When Jennifer Haller heard that researchers were looking for volunteers to be injected with an experimental coronavirus vaccine, the Seattle mother of two rolled up her sleeve.
Well, not literally. Haller, 43, the first person to receive the vaccine, was wearing a tank top when a pharmacist, sheathed in gloves, a mask and protective eye gear, injected her with an experimental vaccine named mRNA-1273. It made her arm a bit sore, "but besides that, no, no side effects," she says.
With the outbreak rapidly spreading across the nation, Haller says she was excited to enroll in the Phase 1 trial, which started Monday.
"I wanted to do something because there's so many millions of Americans that don't have the same privileges that I've been given," says Haller, who now works from home for a small tech company. "They're losing their jobs. They are concerned about paying bills, feeding their family."
Vaccines typically take years to develop and bring to market. They go through extensive animal trials to ensure they are not only effective, but safe. But as the coronavirus death toll rapidly climbed — reaching 11,147 on Friday — researchers felt they couldn't wait.
The injection Haller received was developed by the National Institutes of Health and the Massachusetts-based biotechnology firm Moderna Inc. It does not use any form of a live or weakened virus, so Haller can't contract the coronavirus from the vaccine.
That doesn't mean there aren't risks. She had to sign a 45-page waiver just to enroll in the trial.
Despite the uncertainty, Haller says she was moved to volunteer out of a feeling of helplessness. She felt uniquely positioned to contribute, given that her children are older, she has friends and family nearby and a job that allows her maximum flexibility of when and how she works.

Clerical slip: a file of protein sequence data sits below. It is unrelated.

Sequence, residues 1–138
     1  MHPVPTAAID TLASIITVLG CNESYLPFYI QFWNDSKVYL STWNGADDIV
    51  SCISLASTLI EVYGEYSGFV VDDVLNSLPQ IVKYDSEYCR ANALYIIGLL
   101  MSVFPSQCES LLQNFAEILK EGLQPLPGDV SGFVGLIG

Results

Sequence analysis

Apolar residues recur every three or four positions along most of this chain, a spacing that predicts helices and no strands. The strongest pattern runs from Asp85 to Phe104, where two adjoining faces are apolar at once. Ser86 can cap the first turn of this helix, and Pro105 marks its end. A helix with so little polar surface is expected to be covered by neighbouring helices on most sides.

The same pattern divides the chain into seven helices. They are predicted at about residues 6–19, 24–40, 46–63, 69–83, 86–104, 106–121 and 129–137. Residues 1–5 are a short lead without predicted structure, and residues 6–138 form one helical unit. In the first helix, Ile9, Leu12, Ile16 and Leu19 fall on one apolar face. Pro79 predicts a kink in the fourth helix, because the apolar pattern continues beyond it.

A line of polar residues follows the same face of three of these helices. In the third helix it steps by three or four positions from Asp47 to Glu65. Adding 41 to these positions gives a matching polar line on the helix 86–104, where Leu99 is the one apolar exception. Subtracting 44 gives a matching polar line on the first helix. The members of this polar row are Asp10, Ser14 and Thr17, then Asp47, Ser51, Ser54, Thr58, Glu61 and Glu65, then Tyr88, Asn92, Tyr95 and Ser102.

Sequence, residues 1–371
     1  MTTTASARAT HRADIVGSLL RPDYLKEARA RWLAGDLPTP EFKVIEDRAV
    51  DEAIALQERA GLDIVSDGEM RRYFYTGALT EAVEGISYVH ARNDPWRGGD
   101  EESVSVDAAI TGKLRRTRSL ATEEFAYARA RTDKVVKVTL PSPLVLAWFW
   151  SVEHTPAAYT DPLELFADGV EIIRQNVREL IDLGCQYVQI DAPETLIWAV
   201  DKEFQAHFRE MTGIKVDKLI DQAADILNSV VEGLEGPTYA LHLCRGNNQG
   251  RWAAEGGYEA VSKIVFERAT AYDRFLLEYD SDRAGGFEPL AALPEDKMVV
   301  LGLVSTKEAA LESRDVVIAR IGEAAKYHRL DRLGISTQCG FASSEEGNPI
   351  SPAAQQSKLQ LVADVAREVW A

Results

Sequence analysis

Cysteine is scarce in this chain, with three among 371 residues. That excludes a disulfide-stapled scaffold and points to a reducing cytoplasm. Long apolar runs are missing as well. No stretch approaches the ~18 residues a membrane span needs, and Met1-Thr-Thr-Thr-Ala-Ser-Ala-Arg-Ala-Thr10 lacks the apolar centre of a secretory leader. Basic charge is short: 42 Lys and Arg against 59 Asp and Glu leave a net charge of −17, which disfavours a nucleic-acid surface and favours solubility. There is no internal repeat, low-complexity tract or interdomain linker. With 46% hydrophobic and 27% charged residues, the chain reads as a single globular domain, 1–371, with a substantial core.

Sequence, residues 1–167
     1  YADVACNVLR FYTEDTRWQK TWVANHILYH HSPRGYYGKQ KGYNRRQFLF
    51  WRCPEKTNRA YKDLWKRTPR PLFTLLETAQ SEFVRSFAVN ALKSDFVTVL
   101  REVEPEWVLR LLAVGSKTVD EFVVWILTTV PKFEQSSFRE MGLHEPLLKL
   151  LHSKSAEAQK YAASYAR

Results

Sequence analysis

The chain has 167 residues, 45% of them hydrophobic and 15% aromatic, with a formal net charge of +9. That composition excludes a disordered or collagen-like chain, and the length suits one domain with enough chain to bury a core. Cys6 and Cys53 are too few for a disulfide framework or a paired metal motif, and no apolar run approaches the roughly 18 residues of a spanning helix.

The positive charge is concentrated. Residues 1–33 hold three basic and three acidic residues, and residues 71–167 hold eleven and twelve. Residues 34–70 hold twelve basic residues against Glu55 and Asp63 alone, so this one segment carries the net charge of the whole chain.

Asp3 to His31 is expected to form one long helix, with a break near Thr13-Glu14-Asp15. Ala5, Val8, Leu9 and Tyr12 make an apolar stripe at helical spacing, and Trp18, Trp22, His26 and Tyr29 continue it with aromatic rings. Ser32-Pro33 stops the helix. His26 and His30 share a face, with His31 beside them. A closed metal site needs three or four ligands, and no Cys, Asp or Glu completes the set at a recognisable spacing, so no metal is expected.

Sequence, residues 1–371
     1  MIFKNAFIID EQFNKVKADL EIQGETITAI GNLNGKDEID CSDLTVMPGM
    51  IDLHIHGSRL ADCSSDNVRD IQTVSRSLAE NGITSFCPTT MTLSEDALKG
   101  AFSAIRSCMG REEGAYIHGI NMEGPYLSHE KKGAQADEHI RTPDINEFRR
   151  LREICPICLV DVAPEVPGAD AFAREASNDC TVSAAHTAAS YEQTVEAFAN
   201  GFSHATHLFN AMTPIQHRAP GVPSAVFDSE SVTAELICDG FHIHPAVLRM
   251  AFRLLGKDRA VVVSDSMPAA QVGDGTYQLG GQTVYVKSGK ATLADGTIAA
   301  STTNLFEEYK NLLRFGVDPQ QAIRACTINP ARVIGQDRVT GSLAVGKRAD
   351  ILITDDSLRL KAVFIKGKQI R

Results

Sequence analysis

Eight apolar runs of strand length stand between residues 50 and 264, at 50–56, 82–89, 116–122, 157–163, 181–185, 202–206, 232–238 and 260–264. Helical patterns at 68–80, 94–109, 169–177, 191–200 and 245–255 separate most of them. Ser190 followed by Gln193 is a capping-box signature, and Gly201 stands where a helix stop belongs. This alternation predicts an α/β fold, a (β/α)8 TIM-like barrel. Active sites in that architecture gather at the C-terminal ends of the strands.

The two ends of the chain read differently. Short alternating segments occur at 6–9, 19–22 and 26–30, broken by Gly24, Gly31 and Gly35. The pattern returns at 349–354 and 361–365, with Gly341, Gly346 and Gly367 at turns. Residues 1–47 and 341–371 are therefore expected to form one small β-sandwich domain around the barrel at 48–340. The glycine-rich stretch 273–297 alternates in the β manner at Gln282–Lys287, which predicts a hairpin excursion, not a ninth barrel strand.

"This was just something that I could do and that I wanted to do."
A sprint to Phase 1 trials
The vaccine given to Haller was developed in record time, according to Dr. Tal Zaks, the chief medical officer for Moderna. "We've been able to do that based on the fact that our technology starts with the digital information. So we did not need to have the physical virus, just the information."
Instead of using parts of a killed virus to provoke an immune system, Moderna, working with the NIH, created a synthetic RNA molecule once the virus behind the outbreak in Wuhan, China was identified.
In early January, just days after the virus was identified, researchers had designed synthetic virus particles that they hope will convince the body to produce antibodies against the coronavirus. On March 16, Haller and three other study participants were the first to be vaccinated. Zaks says 45 patients in all will participate in the trial, each at three different dose levels.
Moderna is one of at least 20 drug manufacturers around the world working on potential coronavirus vaccines and treatments. President Trump has reportedly told pharmaceutical executives that he wants to see a vaccine developed in the United States to ensure it controls supplies.
"This should work"
The subjects in the NIH-Moderna trial will receive a two-dose vaccination schedule, 28 days apart. Haller keeps a log of her temperature and any symptoms she might be experiencing. So far, she says, there have been none.
All of the participants will be monitored for a total of 14 months. Regular blood tests will show whether the vaccine is activating their immune systems. Participants in the study will receive $100 for each lab visit for a total of $1100.
Zaks says he is confident in the trial. "This should work," he says, adding, "we've already begun the scale-up activity in our manufacturing site to be able to scale up and produce the vaccine."
Still, even if this first human trial is successful, public health officials don't expect a vaccine to be ready for widespread use for at least 18 months.